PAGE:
Role Playing Games Do It Again

I don't quite know how to explain what I am seeing in my classes with male students, particularly football players, when I employ a type of game in a class.

I am teaching my introductory art history survey course in a hybrid manner. The students access the content of the course online; they watch videos that are ably created and narrated by two art historians which can be found on smarthistory.org. The students then comment in discussion boards about what they read. The are also required to write papers and carry on reflections on their learning in journals in Blackboard. When we do meet F2F in the classroom, rather than lecturing or quizzing them, I have an active learning scenario planned.

We just finished the module on Greek art, and the active learning technique I employed in the F2F portion of our class was a debate/game mechanism on whether or not the Elgin/Parthenon marbles should be returned to Greece. I gave out roles via email. I had one day F2F in class where students mingled in character at a "party" at the Acropolis Museum. Then we had the debate.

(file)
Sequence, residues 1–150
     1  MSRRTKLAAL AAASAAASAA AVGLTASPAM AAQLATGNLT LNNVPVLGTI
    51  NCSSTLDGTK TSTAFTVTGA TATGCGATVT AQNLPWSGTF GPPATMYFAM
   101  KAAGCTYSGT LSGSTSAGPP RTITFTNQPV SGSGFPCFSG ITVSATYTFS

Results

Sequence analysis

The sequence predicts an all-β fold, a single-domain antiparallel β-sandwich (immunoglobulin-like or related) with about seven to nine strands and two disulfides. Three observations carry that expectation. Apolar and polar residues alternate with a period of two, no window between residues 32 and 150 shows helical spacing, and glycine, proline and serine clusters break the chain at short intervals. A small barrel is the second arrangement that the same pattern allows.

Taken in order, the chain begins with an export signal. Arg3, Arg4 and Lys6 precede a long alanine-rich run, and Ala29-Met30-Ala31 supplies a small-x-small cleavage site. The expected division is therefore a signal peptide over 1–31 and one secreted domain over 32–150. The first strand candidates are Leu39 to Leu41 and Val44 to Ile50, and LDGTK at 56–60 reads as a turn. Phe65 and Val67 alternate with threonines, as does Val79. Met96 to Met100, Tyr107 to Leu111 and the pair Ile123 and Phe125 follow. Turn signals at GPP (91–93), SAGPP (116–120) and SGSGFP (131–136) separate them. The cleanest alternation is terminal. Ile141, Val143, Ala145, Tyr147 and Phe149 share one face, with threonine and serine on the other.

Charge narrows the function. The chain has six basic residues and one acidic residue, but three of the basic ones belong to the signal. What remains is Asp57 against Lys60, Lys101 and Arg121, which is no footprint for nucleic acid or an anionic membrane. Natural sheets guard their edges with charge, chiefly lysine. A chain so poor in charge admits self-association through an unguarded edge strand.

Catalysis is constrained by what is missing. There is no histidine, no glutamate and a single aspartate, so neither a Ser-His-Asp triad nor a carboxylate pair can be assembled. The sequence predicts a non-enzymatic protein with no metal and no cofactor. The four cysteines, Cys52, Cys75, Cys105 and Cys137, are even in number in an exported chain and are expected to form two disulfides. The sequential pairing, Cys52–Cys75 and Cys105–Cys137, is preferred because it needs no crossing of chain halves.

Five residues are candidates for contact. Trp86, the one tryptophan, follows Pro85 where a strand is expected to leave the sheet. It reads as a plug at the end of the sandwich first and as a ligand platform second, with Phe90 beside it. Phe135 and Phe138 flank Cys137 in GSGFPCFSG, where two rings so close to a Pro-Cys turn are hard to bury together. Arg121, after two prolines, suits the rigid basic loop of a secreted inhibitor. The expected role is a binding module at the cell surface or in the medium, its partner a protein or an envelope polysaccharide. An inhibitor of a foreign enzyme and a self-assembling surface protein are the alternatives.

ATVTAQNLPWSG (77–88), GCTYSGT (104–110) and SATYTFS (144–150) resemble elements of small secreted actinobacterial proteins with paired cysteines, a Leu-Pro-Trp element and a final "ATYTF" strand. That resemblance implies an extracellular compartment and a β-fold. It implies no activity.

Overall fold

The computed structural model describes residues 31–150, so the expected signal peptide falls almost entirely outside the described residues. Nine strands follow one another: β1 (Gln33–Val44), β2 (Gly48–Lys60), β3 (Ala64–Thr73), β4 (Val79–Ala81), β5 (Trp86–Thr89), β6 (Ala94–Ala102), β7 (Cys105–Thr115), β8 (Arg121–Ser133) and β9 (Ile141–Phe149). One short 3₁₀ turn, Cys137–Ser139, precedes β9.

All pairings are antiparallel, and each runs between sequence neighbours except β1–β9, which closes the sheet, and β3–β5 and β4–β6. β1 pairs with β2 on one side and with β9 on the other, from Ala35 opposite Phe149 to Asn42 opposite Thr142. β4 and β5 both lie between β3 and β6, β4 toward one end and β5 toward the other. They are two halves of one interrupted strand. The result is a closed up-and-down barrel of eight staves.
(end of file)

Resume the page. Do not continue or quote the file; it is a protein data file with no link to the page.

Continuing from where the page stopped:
The students that I expected to do well, did. But six of my male student-athletes in the class, who quite frankly have been fairly lackluster so far this semester, really stood out. Their speeches and their comments and questions hit it out of the park. Five of them happened to be football players. If you have been following my blog, you will know that this is becoming something of a theme.

What is it about changing the dynamic of the class that brings about those students who ordinarily fade as much as they can into the background (often, literally, sitting in the back of the room) suddenly rise up and are the stars of the class? I saw it again with this class activity.

I also had a colleague of mine run a focus group with the five football players from my fall 2015 semester of Roman art in order to start to gathering some data about what is happening in my classes, not just with Reacting, but with the other forms of active learning that I employ. I hope to post that information sometime soon.

But this short game in the introductory class provides another piece of evidence that changing it up, what I call "activizing" the classroom, can bring new students to the fore, and have them actively participate in class. They find their voices and they find their power for learning. If we can find a way to shake it up, I find students, some of whom, I would not expect to do so, will rise to the challenge.

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